We consulted these works while writing this handout. This is not a comprehensive list of resources on the handout’s topic, and we encourage you to do your own research to find additional publications. Please do not use this list as a model for the format of your own reference list, as it may not match the citation style you are using. For guidance on formatting citations, please see the UNC Libraries citation tutorial . We revise these tips periodically and welcome feedback.

Anson, Chris M., and Robert A. Schwegler. 2010. The Longman Handbook for Writers and Readers , 6th ed. New York: Longman.

Lunsford, Andrea A. 2015. The St. Martin’s Handbook , 8th ed. Boston: Bedford/St Martin’s.

Ramage, John D., John C. Bean, and June Johnson. 2018. The Allyn & Bacon Guide to Writing , 8th ed. New York: Pearson.

Ruszkiewicz, John J., Christy Friend, Daniel Seward, and Maxine Hairston. 2010. The Scott, Foresman Handbook for Writers , 9th ed. Boston: Pearson Education.

You may reproduce it for non-commercial use if you use the entire handout and attribute the source: The Writing Center, University of North Carolina at Chapel Hill

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what is a thesis statement about social justice

How to Write a Strong Thesis Statement: 4 Steps + Examples

what is a thesis statement about social justice

What’s Covered:

What is the purpose of a thesis statement, writing a good thesis statement: 4 steps, common pitfalls to avoid, where to get your essay edited for free.

When you set out to write an essay, there has to be some kind of point to it, right? Otherwise, your essay would just be a big jumble of word salad that makes absolutely no sense. An essay needs a central point that ties into everything else. That main point is called a thesis statement, and it’s the core of any essay or research paper.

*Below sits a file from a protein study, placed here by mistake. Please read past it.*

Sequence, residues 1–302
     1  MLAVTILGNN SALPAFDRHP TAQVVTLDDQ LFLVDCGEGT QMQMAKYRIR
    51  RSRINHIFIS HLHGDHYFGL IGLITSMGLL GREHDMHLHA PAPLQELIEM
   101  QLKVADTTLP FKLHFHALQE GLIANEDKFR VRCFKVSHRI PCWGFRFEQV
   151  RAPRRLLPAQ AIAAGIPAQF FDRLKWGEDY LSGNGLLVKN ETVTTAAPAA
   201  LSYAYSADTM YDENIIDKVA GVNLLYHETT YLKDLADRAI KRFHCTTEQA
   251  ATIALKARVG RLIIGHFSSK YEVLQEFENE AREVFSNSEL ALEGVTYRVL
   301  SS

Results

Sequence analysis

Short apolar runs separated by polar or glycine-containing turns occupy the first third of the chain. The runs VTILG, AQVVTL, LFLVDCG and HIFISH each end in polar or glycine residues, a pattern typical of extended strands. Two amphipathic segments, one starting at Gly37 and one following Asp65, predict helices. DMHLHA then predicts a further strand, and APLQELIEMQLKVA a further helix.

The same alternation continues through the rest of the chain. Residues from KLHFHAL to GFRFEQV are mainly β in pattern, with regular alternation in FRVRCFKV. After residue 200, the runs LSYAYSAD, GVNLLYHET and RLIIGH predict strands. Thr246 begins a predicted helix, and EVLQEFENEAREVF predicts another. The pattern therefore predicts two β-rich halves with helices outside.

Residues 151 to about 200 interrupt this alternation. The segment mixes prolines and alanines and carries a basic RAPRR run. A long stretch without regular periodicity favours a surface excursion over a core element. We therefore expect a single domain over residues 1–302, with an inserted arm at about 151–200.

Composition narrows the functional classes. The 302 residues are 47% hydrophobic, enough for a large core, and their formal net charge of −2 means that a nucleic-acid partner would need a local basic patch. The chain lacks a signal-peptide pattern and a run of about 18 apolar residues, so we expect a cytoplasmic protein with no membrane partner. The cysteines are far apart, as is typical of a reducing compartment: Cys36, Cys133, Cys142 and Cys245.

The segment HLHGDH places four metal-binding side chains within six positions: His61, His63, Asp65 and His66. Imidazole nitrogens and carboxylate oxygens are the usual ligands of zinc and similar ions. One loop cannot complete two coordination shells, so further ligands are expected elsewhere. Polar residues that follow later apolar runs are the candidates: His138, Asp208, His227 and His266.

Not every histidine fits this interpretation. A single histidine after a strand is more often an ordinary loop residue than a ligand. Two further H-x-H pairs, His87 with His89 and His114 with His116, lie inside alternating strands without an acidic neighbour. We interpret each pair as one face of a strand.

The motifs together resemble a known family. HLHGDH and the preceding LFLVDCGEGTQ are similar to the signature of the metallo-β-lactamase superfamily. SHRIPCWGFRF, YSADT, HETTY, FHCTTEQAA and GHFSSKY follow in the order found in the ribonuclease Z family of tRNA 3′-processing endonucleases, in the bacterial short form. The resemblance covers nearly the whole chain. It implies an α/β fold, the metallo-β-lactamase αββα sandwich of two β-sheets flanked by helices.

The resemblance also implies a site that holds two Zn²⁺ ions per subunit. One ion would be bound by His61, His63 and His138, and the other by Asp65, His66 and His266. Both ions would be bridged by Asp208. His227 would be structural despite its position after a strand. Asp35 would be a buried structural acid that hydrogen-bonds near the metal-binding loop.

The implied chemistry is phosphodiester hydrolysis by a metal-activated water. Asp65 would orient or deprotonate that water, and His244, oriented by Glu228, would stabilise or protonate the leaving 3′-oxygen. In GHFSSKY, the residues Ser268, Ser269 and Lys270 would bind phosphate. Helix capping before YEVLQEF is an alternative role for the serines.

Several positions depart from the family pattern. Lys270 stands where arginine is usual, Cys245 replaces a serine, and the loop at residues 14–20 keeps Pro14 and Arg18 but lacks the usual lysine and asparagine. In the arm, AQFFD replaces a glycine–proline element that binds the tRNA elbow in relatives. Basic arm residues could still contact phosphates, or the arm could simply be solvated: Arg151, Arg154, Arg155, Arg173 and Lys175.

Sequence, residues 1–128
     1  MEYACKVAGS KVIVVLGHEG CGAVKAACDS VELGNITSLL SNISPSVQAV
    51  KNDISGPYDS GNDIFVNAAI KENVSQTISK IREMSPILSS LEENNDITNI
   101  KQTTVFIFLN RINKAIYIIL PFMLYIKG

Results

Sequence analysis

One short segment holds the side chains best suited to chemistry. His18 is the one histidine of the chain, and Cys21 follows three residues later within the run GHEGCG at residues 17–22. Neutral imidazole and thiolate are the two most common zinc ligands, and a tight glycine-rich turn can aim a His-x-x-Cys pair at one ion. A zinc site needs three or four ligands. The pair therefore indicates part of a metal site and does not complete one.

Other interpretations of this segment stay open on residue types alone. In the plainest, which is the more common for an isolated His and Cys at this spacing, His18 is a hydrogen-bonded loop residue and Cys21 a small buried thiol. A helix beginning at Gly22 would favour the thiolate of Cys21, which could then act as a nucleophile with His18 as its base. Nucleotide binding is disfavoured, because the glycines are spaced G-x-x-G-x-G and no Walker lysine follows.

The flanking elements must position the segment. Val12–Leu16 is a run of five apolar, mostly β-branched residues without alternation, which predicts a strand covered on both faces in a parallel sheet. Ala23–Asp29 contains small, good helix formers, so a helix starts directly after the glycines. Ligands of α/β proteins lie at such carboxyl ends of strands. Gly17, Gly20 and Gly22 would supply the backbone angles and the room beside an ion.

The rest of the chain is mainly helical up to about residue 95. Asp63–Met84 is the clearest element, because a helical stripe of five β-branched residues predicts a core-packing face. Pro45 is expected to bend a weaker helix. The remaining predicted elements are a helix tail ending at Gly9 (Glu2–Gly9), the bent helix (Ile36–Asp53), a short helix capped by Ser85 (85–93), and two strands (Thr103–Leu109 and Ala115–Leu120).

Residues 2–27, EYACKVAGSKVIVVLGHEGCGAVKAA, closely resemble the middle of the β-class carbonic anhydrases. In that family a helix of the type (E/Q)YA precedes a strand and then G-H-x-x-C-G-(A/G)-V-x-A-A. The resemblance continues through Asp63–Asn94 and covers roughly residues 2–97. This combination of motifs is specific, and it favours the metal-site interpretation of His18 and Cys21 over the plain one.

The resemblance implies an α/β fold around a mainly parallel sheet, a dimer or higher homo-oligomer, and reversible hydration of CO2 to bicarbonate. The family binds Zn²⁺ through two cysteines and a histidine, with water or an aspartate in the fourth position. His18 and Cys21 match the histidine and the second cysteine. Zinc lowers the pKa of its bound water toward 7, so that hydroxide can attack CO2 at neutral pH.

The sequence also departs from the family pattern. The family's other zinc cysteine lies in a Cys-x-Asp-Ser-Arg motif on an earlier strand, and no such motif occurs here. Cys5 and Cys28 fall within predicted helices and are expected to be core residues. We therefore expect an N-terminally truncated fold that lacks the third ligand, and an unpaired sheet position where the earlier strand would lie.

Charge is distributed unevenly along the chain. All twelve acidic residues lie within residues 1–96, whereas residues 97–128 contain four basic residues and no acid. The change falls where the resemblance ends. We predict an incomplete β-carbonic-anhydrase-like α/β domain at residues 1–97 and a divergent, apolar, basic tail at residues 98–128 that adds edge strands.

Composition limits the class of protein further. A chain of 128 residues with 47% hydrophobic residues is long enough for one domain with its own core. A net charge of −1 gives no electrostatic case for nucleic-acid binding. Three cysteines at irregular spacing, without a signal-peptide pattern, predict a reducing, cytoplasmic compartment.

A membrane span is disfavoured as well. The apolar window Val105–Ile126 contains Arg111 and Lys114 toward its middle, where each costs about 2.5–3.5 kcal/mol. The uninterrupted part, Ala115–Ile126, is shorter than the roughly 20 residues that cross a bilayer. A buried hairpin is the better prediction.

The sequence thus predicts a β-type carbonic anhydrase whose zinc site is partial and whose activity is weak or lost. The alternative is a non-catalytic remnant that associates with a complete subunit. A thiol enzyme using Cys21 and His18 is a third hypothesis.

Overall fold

You may hear about Master degree candidates writing a thesis, and that is an entire paper–not to be confused with the thesis statement, which is typically one sentence that contains your paper’s focus. 

Read on to learn more about thesis statements and how to write them. We’ve also included some solid examples for you to reference.

Typically the last sentence of your introductory paragraph, the thesis statement serves as the roadmap for your essay. When your reader gets to the thesis statement, they should have a clear outline of your main point, as well as the information you’ll be presenting in order to either prove or support your point. 

The thesis statement should not be confused for a topic sentence , which is the first sentence of every paragraph in your essay. If you need help writing topic sentences, numerous resources are available. Topic sentences should go along with your thesis statement, though.

Since the thesis statement is the most important sentence of your entire essay or paper, it’s imperative that you get this part right. Otherwise, your paper will not have a good flow and will seem disjointed. That’s why it’s vital not to rush through developing one. It’s a methodical process with steps that you need to follow in order to create the best thesis statement possible.

Step 1: Decide what kind of paper you’re writing

When you’re assigned an essay, there are several different types you may get. Argumentative essays are designed to get the reader to agree with you on a topic. Informative or expository essays present information to the reader. Analytical essays offer up a point and then expand on it by analyzing relevant information. Thesis statements can look and sound different based on the type of paper you’re writing. For example:

  • Argumentative: The United States needs a viable third political party to decrease bipartisanship, increase options, and help reduce corruption in government.
  • Informative: The Libertarian party has thrown off elections before by gaining enough support in states to get on the ballot and by taking away crucial votes from candidates.